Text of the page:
Every project is an opportunity to take a deep dive into who our clients are and to extract their essence. It’s exciting to look at how we can translate this into a new reality. With Ett Hem, a hotel in a house built in 1910, we updated the values of the Swedish Arts and Crafts to the twenty-first century, taking the notion of cultured domesticity and creating a space that accommodates all sorts with beauty, ease and warmth.
With IKEA, we were impressed by their highly developed systems and expertise, and their ambition to “bring a better life to the many people,” as they say. Would it be possible to make familiar, functional, good-looking furniture that was part of their main range using sustainable natural materials?
It took three years, and in 2015, IKEA launched the Sinnerlig range of more than thirty pieces in cork, jute, bamboo, hemp, acacia, ceramic and glass.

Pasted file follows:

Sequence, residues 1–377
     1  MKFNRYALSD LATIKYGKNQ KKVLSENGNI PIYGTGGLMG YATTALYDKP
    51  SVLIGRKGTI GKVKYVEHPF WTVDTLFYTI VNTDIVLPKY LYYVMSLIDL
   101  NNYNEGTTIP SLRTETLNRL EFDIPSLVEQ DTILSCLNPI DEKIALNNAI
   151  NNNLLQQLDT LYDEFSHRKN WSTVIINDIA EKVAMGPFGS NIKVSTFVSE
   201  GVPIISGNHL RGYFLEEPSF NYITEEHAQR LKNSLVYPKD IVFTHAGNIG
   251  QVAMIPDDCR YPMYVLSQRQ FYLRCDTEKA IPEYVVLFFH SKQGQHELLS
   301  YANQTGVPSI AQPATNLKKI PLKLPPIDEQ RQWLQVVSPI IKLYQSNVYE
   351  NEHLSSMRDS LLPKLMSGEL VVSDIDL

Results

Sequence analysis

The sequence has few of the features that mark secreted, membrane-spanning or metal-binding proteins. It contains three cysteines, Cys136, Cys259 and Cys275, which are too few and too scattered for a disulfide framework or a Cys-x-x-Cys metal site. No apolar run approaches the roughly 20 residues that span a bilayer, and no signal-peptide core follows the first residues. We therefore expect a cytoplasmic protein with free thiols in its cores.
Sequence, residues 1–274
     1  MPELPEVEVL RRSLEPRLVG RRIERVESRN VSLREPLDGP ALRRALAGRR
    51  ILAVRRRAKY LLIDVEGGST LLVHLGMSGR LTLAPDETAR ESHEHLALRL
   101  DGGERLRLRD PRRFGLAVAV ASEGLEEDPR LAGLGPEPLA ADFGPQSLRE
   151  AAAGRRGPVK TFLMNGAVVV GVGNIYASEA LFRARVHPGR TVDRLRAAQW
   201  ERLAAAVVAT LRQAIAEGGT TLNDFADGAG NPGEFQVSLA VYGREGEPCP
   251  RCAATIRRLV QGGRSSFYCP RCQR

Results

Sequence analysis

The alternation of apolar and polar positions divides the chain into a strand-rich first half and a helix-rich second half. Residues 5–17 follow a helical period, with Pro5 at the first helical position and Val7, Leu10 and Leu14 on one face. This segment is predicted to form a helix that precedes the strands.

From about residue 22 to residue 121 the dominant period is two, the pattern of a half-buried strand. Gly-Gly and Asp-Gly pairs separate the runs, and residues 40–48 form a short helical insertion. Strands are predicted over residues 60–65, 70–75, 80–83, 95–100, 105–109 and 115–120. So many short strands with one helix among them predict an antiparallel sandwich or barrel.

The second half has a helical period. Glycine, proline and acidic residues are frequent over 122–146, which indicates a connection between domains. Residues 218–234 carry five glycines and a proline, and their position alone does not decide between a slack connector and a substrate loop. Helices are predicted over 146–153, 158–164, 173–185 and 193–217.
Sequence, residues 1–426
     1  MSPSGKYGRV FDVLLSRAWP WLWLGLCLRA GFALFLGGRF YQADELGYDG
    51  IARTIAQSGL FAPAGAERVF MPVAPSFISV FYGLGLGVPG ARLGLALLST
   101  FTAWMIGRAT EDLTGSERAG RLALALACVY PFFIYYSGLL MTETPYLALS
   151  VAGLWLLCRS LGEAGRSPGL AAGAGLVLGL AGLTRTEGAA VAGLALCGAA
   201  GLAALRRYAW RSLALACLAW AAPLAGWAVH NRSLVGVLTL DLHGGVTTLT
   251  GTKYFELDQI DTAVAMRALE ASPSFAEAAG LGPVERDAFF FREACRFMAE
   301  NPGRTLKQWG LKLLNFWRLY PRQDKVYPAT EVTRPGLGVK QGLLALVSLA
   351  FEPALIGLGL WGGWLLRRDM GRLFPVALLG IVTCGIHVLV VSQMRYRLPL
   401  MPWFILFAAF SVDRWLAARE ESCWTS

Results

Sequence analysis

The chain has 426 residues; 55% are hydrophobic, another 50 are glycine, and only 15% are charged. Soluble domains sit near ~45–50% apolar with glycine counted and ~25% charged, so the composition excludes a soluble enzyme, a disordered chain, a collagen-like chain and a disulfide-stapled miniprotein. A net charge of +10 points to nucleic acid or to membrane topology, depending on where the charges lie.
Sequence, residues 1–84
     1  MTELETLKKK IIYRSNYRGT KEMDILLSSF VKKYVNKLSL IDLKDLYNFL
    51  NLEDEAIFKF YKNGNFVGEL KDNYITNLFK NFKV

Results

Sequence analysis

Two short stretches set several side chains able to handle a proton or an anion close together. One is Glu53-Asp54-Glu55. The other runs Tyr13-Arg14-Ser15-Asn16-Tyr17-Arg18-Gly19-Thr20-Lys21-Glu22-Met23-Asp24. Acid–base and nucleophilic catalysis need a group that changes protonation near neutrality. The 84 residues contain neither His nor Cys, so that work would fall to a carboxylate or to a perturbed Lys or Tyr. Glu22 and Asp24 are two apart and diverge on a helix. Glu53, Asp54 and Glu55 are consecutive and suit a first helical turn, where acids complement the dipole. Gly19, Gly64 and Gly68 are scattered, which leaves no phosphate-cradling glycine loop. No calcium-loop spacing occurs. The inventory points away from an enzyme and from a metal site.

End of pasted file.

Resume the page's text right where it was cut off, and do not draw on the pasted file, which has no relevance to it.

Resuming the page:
2. The design of these Hans J. Wegner chairs has remained consistent for decades. How does your use of color bring them into the twenty-first century?
Hans Wegner’s chairs are still as relevant as ever. To be in any way associated with him is a huge honor. It is always a challenge dealing with a masterpiece. However, what is topical about this color palette is not only the exercise in coloration in its own right but also that it is a way to minimize waste. On the oak chairs alone, because of subtle color variations, each year approximately twelve thousand chairs might be wasted if they weren’t painted.
The environmentally friendly gloss paints are water based, which means a ninety percent reduction in volatile organic compounds. I hope Wegner would appreciate this.